We know that in the historical dimension we can talk in terms of life, death, being, non-being, high, low, coming, going, but in the Ultimate dimension, all these notions are removed. If the wave is capable of touching the water within herself, and if the wave can live the life of water at the same time, then she will not be afraid of all these notions: beginning and ending, birth and death, being or non-being; and she will get the solidity and joy brought to her by non-fear. Her true nature is the nature of no-birth and no-death, no beginning and no end. That is the nature of water. All of us are like that wave. We have our historical dimension. We believe that we begin to be at a certain point of time, and that we will cease to be at a certain point of time. We believe that we are now existing, and that before our birth we did not exist. All these kinds of notions, we get caught into these notions, and that is why we have fear, we have jealousy, we have craving, we have all these kinds of conflicts and afflictions within us. Now if we are capable of arriving, of being more solid and free, it will be possible for us to touch our true nature, the Ultimate dimension of ourselves. In touching that Ultimate dimension, we really get free from all these notions that have made us suffer a lot. This will be made clearer later on. For the time being just enjoy making steps with these two words.

In the French version of the poem, we have something different: «Je prends refuge en moi-meme. Dans la Terre Pure, je m’etablis.» We can translate this into English as: “I take refuge within myself. In the Pure Land I dwell.” If you walk like this, you are already in the Pure Land; you are already in the Kingdom of God. I have been in crowds of two or three thousand people practising walking meditation together. It is very powerful. Everybody just makes one step, wholly concentrated. It is wonderful: the energy is very powerful. During the time of walking, we don’t think of anything, we don’t speak, we just touch the earth mindfully and deeply. There are those of us who don’t need these words in order to be able to concentrate, but it is very helpful to make use of these words in the beginning of the practice. They help us to be concentrated, to be in the here and the now.

It is good to begin your practice of walking meditation with the Sangha, to get the support. Please arrange it so that during your day you have many chances to do it alone. You can ask a friend to go with you, or you can even take the hand of a child and walk with him or her. In Plum Village many of us begin by signing a contract with a staircase: that is, you make a vow that you will always go up or down that staircase very mindfully, with very solid steps. If it happens that halfway up you realise that one of your steps has not been very solid, you will go down, and begin again. And if you succeed in that, then wherever you go you will be able to dwell in the present moment. You can sign a contract with a particular distance separating your tent and a certain tree, perhaps three or four meters, and you make a vow that when you walk that distance that every step will be solid and mindful, otherwise you will go back and do it again. It is a wonderful way to learn how to live every moment of your daily life deeply, resisting being carried away by your habit energy. Let us try, now, after the Dharma talk, walking together in that spirit. Use your feet to walk, don’t use your brain. Use your feet and walk. Walk in such a way as to make the Pure Land available here and now. Walk in such a way that joy and life are possible right here and right now.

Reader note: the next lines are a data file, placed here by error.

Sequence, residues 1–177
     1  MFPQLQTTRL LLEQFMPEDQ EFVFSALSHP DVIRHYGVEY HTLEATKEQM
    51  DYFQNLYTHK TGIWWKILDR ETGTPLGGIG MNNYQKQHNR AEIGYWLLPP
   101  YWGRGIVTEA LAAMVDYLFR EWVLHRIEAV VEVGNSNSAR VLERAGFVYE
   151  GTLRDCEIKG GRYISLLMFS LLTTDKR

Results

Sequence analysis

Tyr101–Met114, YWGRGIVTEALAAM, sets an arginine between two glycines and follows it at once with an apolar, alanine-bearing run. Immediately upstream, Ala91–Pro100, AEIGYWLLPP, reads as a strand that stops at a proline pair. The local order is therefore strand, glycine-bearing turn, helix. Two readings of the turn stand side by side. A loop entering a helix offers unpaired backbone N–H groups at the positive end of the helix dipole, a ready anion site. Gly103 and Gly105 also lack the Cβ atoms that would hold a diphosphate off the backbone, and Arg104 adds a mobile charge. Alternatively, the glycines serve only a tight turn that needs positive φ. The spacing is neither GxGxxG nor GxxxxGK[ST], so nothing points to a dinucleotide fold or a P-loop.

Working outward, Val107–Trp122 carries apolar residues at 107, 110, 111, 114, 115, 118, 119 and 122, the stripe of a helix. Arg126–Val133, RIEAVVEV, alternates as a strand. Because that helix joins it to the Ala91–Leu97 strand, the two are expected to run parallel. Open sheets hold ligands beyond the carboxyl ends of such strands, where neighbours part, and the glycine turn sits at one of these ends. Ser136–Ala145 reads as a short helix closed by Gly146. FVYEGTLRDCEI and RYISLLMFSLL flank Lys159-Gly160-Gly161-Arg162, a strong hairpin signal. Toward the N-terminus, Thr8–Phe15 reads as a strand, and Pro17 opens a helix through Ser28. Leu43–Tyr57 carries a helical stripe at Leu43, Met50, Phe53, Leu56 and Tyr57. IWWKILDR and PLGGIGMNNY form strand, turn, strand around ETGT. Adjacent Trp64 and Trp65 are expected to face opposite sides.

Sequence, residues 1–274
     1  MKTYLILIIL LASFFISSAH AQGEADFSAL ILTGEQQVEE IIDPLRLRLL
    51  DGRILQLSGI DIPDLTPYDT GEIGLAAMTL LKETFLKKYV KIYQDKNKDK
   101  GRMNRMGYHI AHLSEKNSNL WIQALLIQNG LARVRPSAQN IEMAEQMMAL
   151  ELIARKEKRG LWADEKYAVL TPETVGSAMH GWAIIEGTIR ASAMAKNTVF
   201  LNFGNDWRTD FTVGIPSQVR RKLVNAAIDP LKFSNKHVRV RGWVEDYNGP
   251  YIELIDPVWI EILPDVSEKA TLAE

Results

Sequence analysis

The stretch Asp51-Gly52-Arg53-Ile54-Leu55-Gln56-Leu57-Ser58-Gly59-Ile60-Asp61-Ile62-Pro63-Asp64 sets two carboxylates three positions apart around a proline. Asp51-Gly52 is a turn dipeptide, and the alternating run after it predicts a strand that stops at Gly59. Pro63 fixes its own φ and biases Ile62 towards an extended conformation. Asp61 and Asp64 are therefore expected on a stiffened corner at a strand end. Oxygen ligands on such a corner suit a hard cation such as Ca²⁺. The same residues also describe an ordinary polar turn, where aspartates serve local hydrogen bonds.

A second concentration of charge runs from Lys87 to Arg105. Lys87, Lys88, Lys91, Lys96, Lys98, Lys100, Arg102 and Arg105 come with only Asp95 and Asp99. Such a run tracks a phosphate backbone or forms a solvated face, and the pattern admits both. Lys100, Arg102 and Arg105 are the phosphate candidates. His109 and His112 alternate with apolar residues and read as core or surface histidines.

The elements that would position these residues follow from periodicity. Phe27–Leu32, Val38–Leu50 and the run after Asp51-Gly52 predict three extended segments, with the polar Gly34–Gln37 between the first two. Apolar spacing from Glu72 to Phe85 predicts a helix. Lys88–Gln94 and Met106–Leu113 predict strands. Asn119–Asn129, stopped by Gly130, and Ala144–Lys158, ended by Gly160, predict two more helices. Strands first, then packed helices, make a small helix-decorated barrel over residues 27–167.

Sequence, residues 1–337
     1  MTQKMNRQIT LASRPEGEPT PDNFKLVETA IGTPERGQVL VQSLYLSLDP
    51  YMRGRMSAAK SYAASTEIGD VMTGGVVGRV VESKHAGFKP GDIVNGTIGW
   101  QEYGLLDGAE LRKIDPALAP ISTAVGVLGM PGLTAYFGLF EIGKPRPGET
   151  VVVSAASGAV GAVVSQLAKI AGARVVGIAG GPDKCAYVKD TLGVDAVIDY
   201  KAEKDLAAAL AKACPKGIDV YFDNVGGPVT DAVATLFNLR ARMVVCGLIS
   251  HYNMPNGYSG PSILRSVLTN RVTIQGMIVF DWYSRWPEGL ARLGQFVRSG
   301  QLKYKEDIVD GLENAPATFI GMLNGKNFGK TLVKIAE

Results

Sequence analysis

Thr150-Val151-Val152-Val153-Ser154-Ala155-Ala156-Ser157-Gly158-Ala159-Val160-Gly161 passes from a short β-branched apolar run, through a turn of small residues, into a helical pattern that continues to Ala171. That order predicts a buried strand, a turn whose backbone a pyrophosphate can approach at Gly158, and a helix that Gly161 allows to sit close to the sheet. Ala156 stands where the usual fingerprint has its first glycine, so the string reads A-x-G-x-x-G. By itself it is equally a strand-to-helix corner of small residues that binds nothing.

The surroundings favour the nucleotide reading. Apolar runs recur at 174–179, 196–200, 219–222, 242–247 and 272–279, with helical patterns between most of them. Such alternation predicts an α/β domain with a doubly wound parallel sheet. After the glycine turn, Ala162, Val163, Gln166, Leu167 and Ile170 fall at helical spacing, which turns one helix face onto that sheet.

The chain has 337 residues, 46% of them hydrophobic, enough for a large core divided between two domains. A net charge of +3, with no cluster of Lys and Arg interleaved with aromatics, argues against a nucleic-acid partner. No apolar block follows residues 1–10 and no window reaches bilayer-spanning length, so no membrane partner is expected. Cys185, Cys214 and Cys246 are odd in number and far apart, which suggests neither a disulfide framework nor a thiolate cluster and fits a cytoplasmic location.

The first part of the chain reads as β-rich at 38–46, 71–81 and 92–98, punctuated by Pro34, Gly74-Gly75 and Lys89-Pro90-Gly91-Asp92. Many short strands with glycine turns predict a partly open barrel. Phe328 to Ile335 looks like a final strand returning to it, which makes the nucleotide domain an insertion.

Thich Nhat Hanh 95.

It doesn’t matter how great an act, or how small, with enough individual drops of happiness you can fill and ocean.

— His Holiness Gyalwang Drukpa, Jigme Pema Wangchen

心不慌 疫不乱


因为其「新型」与「突发」的物质现象, 撞击了大多数人惯性的思维,使之又产生了更多的意识—一种害怕被传染的意识,进而因为要「自保」,而显现了更多的恐慌,反而助长了这个病毒的传播。





以病毒本身来看, 它的特性就是让人与人区隔,合理化了人与人区隔这件事,让这件事变得合理—人与人不需要链接,种族、国籍、地区,各种意识状态,从根本上区隔人类的链接。而病毒发生的根源,其实在于我们人类之前就有着这样的意识状态。

过去这些年的物质现实的成功,让人类以征服、盛气凌人的态度,在很多层面上渲染自己的强大,不可一世,用骄傲、鄙视、无礼的心境去对待周遭的人。而目前这个病毒,是要让所有人反思, 其实强大,是为了要去温暖、捍卫、保护更多人, 而不是自以为自己是最强大的。


我们要从这个部分去借鉴,对照我们的生活, 回归个人,你会发现:有一种杀伤力更大的无形病毒,就是我们在不断地传播着一些错误的信念、价值观,让人迷失心性,追求物欲,傲慢与自大,而缺乏真正的温暖与爱。



如果过度觉得人生受到限制,不顺利,生活中窒碍难行, 被困住,被压抑,都有可能感召肺部出现问题。除了生活习惯, 背后的形成核心,与对自己不满,对自己所处的人生状态感到无力,束手无策, 不断批判自己,不爱自己都有关系。






其实,这是在于我们对流感病毒处在“已知” 的意识状态。











当我们愿意开始选择念头频率的时候,我们可以不断告诉自己:“我是平安的,我将一交付给觉者意识。”而这些信任高维智慧意识的词句,有助于我们将意识对焦在平和及宁静的频率,自然就会提升自己的免疫力,来面对眼前无法改变的状况, 此时自然会有清晰的意识,来协助自己临危不乱的处置。

Lotus 272.

More self, more problem. Less self, less problem. No self, no problem.

— Chamtrul Rinpoche

What is Dharma?
by Khen Rinpoche, Geshe Thubten Chonyi